Dr. Yehia A. Mohamed is an Associate Professor of Arabic at Georgetown University in Qatar. He earned his Ph.D. (2008) in Arabic and Semitic Studies from Cairo University. He has served as a lecturer in Arabic programs at George Washington University, Middle East Institute, Johns Hopkins University, University of Maryland, and Georgetown University. Moreover, Dr. Mohamed participated in various projects at Multilingual Solutions and the Center for Applied Linguistics (CAL) based in Washington D.C. He developed courses and taught numerous instructional Arabic skills-based and content-based classes; in addition to developing and conducting proficiency and assessment exams. His research interests cover 3 areas: applied linguistics (language acquisition and error analysis), phonology, and language changes and sociolinguistics. He has published two books on the phonology of Arabic and Semitic languages. Recently, he coauthored Diplomacy Arabic, a reference book from EUP/GUP. Dr. Mohamed has organized many workshops, roundtables, and professional development events at Georgetown University in Qatar throughout the past ten years. He has received numerous grants from the QNRF; the National Priorities Research Program (NPRP) and the Undergraduate Research Experience Program (UREP) as a Primary Faculty Mentor.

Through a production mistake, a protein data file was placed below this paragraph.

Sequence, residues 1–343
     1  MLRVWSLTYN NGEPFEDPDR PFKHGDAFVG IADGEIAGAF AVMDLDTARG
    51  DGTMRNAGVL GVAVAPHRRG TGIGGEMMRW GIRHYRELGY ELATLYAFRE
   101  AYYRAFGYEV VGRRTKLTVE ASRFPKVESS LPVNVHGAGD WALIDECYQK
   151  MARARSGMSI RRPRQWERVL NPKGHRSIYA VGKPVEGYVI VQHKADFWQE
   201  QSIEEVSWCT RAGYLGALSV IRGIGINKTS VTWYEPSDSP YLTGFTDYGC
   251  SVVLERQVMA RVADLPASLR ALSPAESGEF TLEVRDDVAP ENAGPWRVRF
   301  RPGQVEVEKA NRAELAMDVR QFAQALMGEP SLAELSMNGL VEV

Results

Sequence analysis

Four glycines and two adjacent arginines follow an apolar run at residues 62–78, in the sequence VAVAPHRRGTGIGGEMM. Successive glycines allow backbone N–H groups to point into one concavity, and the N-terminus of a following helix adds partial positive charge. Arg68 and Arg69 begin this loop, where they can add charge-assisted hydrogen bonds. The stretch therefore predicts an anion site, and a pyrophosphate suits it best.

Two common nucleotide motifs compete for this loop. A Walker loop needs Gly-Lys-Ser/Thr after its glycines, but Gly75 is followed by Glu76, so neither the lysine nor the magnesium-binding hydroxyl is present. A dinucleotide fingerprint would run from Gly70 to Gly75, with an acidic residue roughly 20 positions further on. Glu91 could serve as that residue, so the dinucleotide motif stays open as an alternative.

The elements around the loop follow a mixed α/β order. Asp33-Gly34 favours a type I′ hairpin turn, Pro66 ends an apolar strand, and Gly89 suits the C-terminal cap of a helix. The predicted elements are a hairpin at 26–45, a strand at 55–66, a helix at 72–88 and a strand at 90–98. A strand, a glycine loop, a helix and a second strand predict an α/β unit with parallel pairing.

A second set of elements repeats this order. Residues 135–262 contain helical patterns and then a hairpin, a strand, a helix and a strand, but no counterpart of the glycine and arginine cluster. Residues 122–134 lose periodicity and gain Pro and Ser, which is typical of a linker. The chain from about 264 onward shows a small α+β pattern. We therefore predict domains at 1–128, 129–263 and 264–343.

Gerd Nonneman is Professor of International Relations & Gulf Studies at Georgetown University’s School of Foreign Service in Qatar, where he served as Dean from 2011 to 2016. He holds a Ph.D in Politics from the University of Exeter, and Licentiates in Oriental Philology (Arabic) and Development Studies from the University of Ghent, Belgium. Prior to his appointment at Georgetown, he served as Professor of International Relations & Middle East Politics, and Al-Qasimi Professor of Gulf Studies, at the University of Exeter, where he also directed the Institute of Arab & Islamic Studies and the Centre for Gulf Studies. A former Executive Director of BRISMES (British Society for Middle Eastern Studies), he is Editor of the Journal of Arabian Studies. He has published widely (in some 12 books and 50 articles and book chapters) on the politics and international relations of the Middle East, on Muslim communities in Europe and on comparative political and economic liberalization. Aside from his academic work, he has worked in the private sector in the Gulf region, and acted as a consultant to a range of companies, NGOs, governments and international institutions. Among his recent publications are: ‘The Qatar Crisis through the lens of Foreign Policy Analysis’, in Rory Miller (ed.), The Gulf Crisis: the View from Qatar (Doha: HBK University Press (2018), pp. 90-100.'The Heritage Boom in the Gulf: Critical Perspectives', Special Section in Journal of Arabian Studies, Vol. 7, no. 2 (December 2017), (co-edited with Marc Valeri); Ruling Families and Business Elites in the Gulf Monarchies: Ever Closer? (Chatham House, 2016); Al-Mamlaka Al-'arabiyya al-sa'udiyya fi-l-mizan [Saudi Arabia in the Balance] (updated Arabic edition: Beirut: Center for Arab Unity Studies, 2012); ‘Yemen, Saudi Arabia and the Gulf States: Elite Politics, Street Protests and Regional Diplomacy’ (Chatham House, 2011); ‘Europe, the US, and the Gulf after the Cold War’, in V. Mauer & D. Möckli (eds.), European-American Relations and the Middle East: From Suez to Iraq (Routledge, 2010); ‘Terrorism and Political Violence in the Middle East and North Africa: Drivers and Limitations’, in A. Siniver (ed.), International Terrorism post 9/11 (Routledge, 2010); ‘Political Reform in the Gulf Monarchies: From Liberalisation to Democratisation? A Comparative Perspective’, in A. Ehteshami & S. Wright (eds.), Reform in the Middle East Oil Monarchies (Reading: Ithaca Press, 2008); Saudi Arabia in the Balance: Political Economy, Society, Foreign Affairs (New York University Press, 2006); 'EU-GCC Relations', (Gulf Research Center, 2006); and Analyzing Middle East Foreign Policies (Routledge, 2005).